Line 652: Please delete ‘, namely’.
Line 662: Please change ‘allows’ to ‘allowed’.
Table S7: Please specify in the table caption what exactly are the reported numbers, i.e. what we see in each line and in the brackets (Probably – Line1: mean (n), Line 2: range).
Overall, I enjoyed reading this manuscript and found it highly interesting. While I agree with reviewer 1 that there is overlap between this manuscript and the ME manuscript I feel the description of species in this manuscript gives it sufficient merit as stand alone. Having said this there is still work to do to make this manuscript acceptable for publication. Both reviewers have done a fantastic job highlighting potential improvements to the manuscript. In particular, two areas I think that would benefit the manuscript are improving the quality of figures and improving the methodology section. Both reviewers provide in depth details for this, so please take care in making some of their suggested changes. Once you have made changes I look forward to receiving your revised manuscript.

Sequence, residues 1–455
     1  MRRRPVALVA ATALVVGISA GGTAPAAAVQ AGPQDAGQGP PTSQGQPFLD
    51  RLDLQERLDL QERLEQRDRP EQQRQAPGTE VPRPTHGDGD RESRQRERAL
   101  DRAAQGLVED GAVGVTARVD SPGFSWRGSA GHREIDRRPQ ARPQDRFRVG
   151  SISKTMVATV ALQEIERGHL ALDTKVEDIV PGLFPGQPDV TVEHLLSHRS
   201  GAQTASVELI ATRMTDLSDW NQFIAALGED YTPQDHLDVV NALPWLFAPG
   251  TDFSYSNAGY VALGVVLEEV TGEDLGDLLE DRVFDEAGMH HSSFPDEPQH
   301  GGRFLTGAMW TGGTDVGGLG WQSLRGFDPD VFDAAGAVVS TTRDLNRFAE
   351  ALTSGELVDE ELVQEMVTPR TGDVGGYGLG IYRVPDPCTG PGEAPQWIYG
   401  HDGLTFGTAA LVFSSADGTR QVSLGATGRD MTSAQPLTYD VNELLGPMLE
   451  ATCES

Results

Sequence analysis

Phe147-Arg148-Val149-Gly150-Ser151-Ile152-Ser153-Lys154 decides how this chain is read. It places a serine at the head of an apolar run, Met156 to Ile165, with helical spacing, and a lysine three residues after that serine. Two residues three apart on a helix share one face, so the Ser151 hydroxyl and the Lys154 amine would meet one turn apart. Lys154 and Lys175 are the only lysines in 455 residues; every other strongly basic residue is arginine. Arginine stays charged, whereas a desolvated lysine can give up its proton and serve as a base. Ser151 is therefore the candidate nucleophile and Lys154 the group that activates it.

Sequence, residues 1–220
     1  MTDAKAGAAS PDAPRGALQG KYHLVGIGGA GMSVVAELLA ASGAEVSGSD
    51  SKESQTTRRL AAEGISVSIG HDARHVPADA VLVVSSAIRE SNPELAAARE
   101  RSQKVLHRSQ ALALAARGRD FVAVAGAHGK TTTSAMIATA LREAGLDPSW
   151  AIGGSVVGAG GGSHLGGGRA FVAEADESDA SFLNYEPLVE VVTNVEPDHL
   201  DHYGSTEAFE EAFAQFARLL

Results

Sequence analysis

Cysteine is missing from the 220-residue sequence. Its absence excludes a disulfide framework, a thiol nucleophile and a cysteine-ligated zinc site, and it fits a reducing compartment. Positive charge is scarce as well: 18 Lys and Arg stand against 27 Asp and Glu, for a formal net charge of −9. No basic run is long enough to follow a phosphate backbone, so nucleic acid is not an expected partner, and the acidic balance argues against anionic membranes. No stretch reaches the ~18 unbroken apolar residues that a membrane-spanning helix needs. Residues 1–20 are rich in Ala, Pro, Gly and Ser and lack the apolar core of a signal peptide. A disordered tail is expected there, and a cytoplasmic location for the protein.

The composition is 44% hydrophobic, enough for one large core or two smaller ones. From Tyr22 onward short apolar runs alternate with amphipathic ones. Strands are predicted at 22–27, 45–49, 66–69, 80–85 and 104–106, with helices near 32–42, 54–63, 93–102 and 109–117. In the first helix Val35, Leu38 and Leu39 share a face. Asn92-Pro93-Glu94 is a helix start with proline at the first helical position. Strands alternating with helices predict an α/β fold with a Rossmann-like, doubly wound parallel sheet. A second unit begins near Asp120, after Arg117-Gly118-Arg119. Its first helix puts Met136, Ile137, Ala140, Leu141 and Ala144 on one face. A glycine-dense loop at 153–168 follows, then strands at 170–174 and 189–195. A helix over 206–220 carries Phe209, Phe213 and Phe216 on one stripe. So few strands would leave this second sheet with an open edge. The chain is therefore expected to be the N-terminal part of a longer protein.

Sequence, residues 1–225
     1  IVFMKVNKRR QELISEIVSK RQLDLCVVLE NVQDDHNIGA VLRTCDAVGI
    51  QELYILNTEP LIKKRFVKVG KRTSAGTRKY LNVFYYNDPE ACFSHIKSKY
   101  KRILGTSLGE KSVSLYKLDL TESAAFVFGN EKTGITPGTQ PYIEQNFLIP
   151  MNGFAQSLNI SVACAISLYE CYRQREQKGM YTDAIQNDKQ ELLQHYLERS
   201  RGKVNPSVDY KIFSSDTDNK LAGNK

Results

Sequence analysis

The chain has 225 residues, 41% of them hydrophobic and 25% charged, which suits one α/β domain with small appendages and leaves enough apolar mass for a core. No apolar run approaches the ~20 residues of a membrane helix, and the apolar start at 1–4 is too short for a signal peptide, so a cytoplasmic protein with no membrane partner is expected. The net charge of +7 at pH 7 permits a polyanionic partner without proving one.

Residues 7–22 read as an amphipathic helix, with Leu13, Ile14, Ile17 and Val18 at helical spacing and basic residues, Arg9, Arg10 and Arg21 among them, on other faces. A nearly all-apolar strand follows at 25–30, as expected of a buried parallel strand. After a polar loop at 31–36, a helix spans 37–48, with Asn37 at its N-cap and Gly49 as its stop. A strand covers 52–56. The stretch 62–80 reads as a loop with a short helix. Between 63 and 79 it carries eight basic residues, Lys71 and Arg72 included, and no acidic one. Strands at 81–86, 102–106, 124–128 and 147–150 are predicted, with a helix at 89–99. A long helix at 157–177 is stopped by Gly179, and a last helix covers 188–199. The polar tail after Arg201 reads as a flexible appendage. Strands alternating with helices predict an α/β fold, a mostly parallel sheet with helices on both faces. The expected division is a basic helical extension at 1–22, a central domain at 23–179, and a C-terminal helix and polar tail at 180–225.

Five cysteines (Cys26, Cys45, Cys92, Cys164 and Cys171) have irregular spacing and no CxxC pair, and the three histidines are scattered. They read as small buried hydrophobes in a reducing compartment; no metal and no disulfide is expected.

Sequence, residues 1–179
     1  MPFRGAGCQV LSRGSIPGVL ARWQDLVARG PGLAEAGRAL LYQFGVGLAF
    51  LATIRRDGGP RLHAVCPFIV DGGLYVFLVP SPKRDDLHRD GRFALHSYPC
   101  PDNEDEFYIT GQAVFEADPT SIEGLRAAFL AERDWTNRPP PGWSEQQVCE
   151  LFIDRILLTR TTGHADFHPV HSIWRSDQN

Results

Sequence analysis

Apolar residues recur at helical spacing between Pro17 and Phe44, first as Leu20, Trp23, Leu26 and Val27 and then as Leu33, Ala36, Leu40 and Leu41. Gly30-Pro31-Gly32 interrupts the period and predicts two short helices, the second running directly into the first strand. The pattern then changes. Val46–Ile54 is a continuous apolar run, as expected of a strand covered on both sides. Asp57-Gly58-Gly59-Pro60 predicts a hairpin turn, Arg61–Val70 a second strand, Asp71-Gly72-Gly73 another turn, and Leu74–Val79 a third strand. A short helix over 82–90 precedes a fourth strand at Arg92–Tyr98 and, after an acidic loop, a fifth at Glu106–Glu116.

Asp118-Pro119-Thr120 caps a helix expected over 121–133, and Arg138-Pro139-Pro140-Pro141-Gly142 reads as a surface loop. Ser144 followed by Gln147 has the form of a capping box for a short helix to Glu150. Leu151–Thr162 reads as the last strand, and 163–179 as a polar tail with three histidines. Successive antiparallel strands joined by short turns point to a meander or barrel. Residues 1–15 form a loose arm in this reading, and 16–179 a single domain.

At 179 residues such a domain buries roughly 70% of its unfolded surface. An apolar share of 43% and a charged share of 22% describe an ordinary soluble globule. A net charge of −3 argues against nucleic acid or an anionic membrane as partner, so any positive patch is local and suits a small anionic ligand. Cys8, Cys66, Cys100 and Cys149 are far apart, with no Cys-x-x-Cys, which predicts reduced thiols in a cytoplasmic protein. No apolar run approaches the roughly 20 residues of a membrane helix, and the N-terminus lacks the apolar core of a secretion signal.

The authors present a standard species delimitation paper using all appropriate data types - combining both next-generation sequencing technologies with traditional morphological approaches. My main concern is that this paper is heavily reliant on an unaccepted manuscript and that I needed to thoroughly read through this manuscript to make sense of their experimental design and description of their study system. If this manuscript was accepted, this would not be an issue - however, the PeerJ submission cannot stand alone. In my opinion, the first manuscript must be accepted for this work to be accepted. The authors provided their submission to Molecular Ecology. While I have some questions/concerns about that manuscript, I leave it to the ME reviewers to assess their work. If accepted, the authors do need to expand on their exon capture design in the PeerJ manuscript.
For the most part, manuscript was clear and well-written.
The formatting of the citations needs work: missing italics for scientific names, year placement, inconsistent capitalization of title names, inconsistent capitalization of journal names.
All tables + figures lack names and captions. Figure 1 is difficult to read - please make sampling localities larger and it's hard to see the color with the black border around symbols. It's impossible to read the distance scale. Support on tree is tiny - perhaps replace 100% bootstrap support with symbols?